# Regular Polyhedra coordinate points generation

Is it possible to get all points on a Polyhedron surface using two surface parameters, say

$\phi,\theta$ spherical co-ordinates?

Just like in ParametricPlot3D, can we start with PolyhedronData["Tetrahedron"] to obtain spatial point positions?. The tip of position vector should cross edges automatically during $\phi,\theta$ sweep.

• You can always make this kind of tricks – Dr. belisarius Dec 29 '14 at 19:22
• @belisarius: fine,but want to append or prepend available Polyhedra. – Narasimham Dec 29 '14 at 19:59
• This is a nice start. – Dr. belisarius Dec 29 '14 at 20:04
• Stick a small sphere around the barycenter. Now parametrize by the spherical angles, using intersection of ray through spherical point (theta,phi) with polyhedron. – Daniel Lichtblau Dec 29 '14 at 23:57
• Clear enough, we need to have direct coordinates as function of ($\theta,\phi, n$). – Narasimham Dec 30 '14 at 7:58

Exploit the fact that the vertices of the dual to a Platonic solid correspond to the centers of the faces of the solid itself. For instance, the dual to a cube is a regular octahedron, and the six vertices of this octahedron are in the directions of the centers of the faces of its dual cube.

Find the normalized directions of the face centers of the cube (for instance) this way:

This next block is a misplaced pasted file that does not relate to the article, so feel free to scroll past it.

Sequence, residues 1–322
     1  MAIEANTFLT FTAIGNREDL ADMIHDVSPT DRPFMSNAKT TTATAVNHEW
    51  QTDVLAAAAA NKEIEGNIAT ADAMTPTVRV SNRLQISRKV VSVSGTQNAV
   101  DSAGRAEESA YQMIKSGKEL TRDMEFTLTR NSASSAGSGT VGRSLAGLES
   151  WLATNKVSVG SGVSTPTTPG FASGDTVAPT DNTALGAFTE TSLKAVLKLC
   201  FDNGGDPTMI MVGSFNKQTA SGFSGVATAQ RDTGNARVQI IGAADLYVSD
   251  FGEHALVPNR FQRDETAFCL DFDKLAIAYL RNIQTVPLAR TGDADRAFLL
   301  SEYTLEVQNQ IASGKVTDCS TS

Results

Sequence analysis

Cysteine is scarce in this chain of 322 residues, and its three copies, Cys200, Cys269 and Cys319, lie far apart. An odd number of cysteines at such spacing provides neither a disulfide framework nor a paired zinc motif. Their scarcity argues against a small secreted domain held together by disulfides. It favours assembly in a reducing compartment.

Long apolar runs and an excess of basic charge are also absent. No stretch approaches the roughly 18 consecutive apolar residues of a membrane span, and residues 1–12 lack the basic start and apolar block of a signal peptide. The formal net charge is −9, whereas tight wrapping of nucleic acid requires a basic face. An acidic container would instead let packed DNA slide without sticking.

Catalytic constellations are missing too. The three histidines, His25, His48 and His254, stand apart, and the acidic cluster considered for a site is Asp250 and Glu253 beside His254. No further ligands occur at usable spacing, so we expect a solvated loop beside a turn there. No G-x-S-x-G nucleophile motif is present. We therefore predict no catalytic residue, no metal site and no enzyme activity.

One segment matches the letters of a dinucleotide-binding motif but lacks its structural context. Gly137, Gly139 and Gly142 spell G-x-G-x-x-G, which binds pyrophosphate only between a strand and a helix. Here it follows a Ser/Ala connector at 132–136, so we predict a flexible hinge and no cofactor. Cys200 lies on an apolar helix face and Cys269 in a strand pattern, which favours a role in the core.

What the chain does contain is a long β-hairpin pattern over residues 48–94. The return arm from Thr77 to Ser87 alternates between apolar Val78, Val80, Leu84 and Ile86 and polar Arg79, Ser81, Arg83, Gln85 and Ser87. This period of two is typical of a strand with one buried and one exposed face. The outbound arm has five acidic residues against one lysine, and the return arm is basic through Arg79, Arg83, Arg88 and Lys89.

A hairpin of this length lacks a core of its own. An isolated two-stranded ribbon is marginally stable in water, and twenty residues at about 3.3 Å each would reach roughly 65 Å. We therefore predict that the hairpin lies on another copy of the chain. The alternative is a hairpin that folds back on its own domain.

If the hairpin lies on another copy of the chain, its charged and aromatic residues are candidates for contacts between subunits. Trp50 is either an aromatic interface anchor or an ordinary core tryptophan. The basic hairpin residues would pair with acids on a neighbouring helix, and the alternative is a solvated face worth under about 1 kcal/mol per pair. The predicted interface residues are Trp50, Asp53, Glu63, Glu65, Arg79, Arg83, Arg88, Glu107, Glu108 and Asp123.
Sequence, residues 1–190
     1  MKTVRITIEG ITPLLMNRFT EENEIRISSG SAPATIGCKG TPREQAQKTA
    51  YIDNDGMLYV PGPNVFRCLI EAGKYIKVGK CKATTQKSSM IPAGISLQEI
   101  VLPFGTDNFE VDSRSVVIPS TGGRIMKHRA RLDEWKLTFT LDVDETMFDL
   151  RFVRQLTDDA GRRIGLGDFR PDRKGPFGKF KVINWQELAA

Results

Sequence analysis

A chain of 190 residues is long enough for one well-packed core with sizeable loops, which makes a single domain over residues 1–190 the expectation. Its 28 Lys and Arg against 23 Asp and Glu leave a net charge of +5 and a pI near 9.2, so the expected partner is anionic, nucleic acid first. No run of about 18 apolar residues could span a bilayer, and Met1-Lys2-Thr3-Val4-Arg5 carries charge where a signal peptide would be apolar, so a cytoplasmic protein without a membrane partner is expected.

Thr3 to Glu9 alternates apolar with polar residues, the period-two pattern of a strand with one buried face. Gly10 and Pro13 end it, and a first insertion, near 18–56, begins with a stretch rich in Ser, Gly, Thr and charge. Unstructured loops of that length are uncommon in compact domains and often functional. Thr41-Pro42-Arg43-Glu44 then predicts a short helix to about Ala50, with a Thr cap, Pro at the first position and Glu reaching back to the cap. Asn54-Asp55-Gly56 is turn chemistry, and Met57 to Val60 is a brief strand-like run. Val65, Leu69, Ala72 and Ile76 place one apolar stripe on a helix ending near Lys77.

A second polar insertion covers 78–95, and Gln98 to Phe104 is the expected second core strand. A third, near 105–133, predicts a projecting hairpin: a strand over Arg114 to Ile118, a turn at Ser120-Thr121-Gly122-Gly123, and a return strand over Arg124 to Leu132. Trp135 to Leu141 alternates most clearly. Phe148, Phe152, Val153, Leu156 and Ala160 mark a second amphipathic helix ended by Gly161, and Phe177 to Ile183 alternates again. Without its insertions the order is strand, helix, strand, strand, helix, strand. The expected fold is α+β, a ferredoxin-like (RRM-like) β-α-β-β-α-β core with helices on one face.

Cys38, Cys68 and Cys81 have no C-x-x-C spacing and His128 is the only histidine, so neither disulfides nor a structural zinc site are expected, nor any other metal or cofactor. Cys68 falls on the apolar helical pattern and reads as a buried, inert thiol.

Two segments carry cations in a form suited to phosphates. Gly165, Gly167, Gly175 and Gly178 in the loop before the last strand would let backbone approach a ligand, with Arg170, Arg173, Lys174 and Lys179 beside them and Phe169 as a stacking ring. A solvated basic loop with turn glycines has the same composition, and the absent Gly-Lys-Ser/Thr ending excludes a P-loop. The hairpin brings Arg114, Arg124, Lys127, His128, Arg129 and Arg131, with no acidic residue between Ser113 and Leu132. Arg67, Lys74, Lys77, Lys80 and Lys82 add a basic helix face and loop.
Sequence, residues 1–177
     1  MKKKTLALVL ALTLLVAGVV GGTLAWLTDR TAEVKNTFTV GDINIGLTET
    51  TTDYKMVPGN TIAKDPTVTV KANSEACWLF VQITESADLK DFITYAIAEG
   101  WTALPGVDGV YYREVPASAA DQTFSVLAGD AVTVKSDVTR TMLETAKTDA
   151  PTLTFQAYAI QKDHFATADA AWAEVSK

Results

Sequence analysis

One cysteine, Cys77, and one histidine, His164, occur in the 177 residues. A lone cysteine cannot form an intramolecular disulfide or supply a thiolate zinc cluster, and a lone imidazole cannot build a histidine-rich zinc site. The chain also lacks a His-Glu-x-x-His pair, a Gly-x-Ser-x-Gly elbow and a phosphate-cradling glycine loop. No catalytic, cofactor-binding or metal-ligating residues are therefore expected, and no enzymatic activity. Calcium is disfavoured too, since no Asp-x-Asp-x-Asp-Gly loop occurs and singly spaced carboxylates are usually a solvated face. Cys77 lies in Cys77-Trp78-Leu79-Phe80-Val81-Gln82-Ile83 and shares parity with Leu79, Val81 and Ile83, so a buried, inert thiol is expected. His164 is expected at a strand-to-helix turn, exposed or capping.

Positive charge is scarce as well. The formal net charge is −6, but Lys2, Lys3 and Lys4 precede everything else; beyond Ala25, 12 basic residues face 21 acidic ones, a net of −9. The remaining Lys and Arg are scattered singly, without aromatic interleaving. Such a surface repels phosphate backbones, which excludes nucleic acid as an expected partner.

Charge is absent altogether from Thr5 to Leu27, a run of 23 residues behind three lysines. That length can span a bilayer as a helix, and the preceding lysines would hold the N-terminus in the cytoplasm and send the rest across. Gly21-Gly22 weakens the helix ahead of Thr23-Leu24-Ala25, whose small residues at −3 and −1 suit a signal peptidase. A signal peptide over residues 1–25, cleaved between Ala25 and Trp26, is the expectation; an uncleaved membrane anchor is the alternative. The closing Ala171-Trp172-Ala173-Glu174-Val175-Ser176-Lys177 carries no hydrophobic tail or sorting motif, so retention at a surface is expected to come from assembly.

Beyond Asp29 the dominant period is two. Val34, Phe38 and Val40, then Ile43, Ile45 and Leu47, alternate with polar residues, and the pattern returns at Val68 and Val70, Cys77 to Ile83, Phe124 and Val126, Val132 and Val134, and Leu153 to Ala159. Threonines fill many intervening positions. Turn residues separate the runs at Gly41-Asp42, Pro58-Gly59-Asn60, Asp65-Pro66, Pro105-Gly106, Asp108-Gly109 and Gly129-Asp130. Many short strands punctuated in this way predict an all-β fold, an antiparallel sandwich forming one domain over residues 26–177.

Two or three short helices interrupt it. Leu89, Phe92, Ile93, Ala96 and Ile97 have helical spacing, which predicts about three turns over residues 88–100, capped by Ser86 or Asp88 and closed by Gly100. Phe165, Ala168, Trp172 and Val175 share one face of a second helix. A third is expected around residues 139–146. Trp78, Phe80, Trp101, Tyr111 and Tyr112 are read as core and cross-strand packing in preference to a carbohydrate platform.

FaceCenters = Normalize /@ PolyhedronData[PolyhedronData["Cube", "Dual"], "Faces"][];


The {x,y,z} direction in Euclidean coordinates as a function of spherical angles θ and φ are of course:

x[θ_Real, φ_Real] := {Sin[θ] Cos[φ],
Sin[θ] Sin[φ],
Cos[θ]}


Now sweep through all spherical angles, and for each corresponding direction find the nearest face center direction (i.e., the one with the smallest angle to the direction defined by θ and φ). For each such direction, the distance to the surface is 1/Sin[ψ], where ψ is the scalar angle between the candidate direction and its nearest face direction:

    SphericalPlot3D[
1/Sin[x[θ, φ].Nearest[FaceCenters, x[θ, φ]][]],
{θ, 0, π}, {φ, 0, 2 π},
PlotPoints -> 100] // Quiet If you repeat with a Tetrahedron, for instance, you get this: If you repeat for an Octahedron, you get this: If you repeat for a Dodecahedron, you get this: • Wow... I really thought @Narasimhan would have accepted this answer! What more can he possibly want?! – David G. Stork Jan 6 '15 at 0:58
• That was great. My apologies for the inordinate delay earlier – Narasimham Feb 10 '18 at 5:17
• Wow... two months late! Better late than never! – David G. Stork Feb 10 '18 at 6:20